|Matthew Henry's Concise Commentary|
15:22-29 The apostle sought the things of Christ more than his own will, and would not leave his work of planting churches to go to Rome. It concerns all to do that first which is most needful. We must not take it ill if our friends prefer work which is pleasing to God, before visits and compliments, which may please us. It is justly expected from all Christians, that they should promote every good work, especially that blessed work, the conversion of souls. Christian society is a heaven upon earth, an earnest of our gathering together unto Christ at the great day. Yet it is but partial, compared with our communion with Christ; for that only will satisfy the soul. The apostle was going to Jerusalem, as the messenger of charity. God loves a cheerful giver. Every thing that passes between Christians should be a proof and instance of the union they have in Jesus Christ. The Gentiles received the gospel of salvation from the Jews; therefore were bound to minister to them in what was needed for the body. Concerning what he expected from them he speaks doubtfully; but concerning what he expected from God he speaks confidently. We cannot expect too little from man, nor too much from God. And how delightful and advantageous it is to have the gospel with the fulness of its blessings! What wonderful and happy effects does it produce, when attended with the power of the Spirit!
Gill's Exposition of the Entire Bible
For it hath pleased them of Macedonia and Achaia,.... That is, the churches of Macedonia, particularly Philippi and Thessalonica; and the churches of Achaia, especially the church at Corinth, which was the metropolis of Achaia:
to make a certain contribution for the poor saints which are at Jerusalem; of which contribution, of their great forwardness, readiness, and liberality, a large account is given in 2 Corinthians 8:1; from whence Origen and others have rightly concluded, that this epistle to the Romans was wrote after that; since in that the apostle exhorts and encourages them, by the example of the Macedonian churches, to finish the collection they had begun; which collection is here called a contribution, or "communion", as the word signifies; it being one part of the communion of churches and of saints, to relieve their poor, by communicating to them, and to assist each other therein; and in which they have not only fellowship with one another, but with Christ the head; who takes what is done to the least of his brethren as done to himself: the persons for whom the collection was made, are "the poor saints", or "the poor of the saints"; for not all the saints, but the poor among them, were the objects of this generosity: they were saints such as are sanctified by God the Father in eternal election, and by the blood of Christ in redemption, and by the Spirit of Christ in the effectual calling, to these this goodness extended; for though good is to be done to all men, yet more especially to the household of faith: they were "poor", which is the lot of many who are saints, whom God has chosen, to whom the Gospel is preached, and who are called by grace: these came to be so, either through the great dearth which was throughout the world in the times of Claudius Caesar, when the brethren at Jerusalem particularly suffered, and were relieved by the disciples at Antioch; but this collection was made some years after that, and therefore rather they became so, through the persecutions of their countrymen; by whom they suffered joyfully the spoiling of their goods, knowing that they had a better and more enduring substance in heaven; or else through their having sold all their possessions, and thrown their money into one common stock and fund, for mutual subsistence, which was now exhausted: these poor saints lived at Jerusalem, which was at a great distance from Macedonia and Achaia; but though they were strangers, and unknown by face to them, and had only heard of them, and their distress; yet this was no objection to their cheerful contribution; they considered them as members of the same body, as belonging to the same family, and as standing in the same spiritual relation to God and Christ with themselves; and upon this foot they acted; and what they did is worthy the imitation of all the churches and people of God.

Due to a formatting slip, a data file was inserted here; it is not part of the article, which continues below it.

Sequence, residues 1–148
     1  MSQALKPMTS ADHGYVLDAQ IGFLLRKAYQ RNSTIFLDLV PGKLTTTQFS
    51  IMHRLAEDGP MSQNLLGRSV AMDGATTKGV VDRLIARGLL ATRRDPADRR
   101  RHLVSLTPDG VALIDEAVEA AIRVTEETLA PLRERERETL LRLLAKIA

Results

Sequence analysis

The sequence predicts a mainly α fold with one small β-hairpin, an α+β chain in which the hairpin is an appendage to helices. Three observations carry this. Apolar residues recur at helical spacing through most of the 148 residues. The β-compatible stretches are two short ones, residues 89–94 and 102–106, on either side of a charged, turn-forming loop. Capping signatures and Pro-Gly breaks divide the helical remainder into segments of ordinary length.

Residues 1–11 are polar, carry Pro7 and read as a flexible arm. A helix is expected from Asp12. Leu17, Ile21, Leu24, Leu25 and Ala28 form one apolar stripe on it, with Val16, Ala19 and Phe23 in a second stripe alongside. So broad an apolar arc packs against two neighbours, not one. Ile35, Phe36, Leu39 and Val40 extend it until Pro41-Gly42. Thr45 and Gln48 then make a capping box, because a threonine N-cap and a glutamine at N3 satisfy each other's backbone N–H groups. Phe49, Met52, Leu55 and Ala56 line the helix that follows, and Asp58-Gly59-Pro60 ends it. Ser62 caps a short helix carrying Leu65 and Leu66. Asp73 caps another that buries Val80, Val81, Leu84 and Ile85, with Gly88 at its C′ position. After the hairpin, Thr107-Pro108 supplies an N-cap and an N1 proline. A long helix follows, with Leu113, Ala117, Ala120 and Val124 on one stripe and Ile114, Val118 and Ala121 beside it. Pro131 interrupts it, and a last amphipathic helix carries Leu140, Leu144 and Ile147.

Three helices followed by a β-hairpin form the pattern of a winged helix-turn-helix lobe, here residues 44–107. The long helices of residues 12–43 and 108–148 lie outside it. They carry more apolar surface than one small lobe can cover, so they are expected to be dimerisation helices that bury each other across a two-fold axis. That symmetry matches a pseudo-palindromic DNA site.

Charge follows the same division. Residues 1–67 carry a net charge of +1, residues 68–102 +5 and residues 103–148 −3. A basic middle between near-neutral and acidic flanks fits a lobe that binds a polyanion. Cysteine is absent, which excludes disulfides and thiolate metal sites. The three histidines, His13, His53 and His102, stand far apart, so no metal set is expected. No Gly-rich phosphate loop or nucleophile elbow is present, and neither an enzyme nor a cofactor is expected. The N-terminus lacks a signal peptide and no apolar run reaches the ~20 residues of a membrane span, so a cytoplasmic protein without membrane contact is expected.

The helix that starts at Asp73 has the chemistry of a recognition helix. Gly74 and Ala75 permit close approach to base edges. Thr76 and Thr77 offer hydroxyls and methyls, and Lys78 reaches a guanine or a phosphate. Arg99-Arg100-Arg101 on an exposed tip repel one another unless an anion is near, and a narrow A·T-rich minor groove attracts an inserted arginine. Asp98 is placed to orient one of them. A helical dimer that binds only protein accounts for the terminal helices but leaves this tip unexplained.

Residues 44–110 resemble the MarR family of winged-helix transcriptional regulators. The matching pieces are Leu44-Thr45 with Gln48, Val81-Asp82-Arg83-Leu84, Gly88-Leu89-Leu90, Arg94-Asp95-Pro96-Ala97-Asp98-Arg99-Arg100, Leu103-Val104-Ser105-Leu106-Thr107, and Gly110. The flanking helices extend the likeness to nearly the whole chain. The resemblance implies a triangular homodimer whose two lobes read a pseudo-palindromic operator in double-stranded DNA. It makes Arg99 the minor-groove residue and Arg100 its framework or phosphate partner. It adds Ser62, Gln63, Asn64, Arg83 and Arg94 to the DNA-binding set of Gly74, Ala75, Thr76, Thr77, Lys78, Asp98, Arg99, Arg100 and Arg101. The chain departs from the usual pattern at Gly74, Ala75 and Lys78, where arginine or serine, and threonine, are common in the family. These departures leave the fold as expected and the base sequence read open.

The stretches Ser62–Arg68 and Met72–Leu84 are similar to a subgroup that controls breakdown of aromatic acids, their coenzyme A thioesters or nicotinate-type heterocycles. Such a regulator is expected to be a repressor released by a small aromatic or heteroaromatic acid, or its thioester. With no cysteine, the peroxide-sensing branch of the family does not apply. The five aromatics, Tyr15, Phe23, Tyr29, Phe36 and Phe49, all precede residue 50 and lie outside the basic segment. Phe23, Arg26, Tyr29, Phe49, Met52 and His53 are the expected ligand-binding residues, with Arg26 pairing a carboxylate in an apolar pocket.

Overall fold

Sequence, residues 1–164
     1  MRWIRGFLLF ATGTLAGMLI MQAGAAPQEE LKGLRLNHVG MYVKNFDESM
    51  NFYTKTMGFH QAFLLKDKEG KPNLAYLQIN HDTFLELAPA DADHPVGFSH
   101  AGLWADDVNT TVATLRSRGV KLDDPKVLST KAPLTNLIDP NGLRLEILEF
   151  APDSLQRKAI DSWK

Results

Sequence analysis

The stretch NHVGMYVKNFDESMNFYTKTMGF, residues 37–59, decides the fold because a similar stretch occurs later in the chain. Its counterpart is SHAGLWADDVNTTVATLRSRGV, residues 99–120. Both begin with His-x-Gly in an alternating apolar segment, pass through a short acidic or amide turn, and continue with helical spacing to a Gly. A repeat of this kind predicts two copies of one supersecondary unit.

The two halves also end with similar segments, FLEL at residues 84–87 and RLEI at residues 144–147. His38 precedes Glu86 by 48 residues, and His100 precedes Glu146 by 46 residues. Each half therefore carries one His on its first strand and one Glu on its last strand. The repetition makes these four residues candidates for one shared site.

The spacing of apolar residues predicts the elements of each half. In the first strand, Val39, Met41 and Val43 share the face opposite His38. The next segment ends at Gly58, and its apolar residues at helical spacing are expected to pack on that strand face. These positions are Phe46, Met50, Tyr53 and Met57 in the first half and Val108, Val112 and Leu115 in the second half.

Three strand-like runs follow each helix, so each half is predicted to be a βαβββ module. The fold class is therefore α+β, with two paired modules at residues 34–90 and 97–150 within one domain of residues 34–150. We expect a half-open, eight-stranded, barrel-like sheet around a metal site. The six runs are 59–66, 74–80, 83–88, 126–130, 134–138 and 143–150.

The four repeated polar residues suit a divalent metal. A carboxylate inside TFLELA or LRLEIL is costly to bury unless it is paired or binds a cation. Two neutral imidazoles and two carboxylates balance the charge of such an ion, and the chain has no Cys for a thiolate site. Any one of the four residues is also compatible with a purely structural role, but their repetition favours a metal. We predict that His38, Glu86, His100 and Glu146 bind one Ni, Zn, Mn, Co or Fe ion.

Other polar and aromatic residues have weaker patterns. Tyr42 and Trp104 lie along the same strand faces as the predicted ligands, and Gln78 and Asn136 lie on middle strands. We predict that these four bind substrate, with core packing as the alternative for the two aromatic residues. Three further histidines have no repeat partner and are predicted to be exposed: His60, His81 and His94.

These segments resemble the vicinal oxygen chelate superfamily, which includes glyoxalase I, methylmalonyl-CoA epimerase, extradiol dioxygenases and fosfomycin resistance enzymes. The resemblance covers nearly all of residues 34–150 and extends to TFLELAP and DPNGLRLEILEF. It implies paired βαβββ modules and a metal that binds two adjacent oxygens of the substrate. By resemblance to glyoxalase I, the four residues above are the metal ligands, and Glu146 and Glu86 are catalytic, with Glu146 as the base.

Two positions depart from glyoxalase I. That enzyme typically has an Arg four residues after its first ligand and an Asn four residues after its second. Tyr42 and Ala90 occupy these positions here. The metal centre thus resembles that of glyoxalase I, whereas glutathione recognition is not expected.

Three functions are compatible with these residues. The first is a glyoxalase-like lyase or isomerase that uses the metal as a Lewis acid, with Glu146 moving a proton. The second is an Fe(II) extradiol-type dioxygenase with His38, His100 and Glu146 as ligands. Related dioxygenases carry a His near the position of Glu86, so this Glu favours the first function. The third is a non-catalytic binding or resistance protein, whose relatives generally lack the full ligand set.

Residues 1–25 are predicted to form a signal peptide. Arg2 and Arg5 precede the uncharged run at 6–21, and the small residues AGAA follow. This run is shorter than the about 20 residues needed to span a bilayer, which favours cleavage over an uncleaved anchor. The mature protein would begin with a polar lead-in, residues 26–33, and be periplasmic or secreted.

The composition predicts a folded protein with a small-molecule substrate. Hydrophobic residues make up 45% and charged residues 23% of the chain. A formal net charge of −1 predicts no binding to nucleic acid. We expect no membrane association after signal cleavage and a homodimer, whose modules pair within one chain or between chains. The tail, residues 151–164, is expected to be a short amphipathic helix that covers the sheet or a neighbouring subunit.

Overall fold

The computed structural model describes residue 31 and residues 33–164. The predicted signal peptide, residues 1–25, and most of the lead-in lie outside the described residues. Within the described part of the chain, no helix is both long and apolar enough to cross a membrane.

Jamieson-Fausset-Brown Bible Commentary
26. For, &c.—better, "For Macedonia and Achaia have thought good to make a certain contribution for the poor of the saints which are at Jerusalem." (See Ac 24:17). "They have thought it good; and their debtors verily they are"; that is, "And well they may, considering what the Gentile believers owe to their Jewish brethren."
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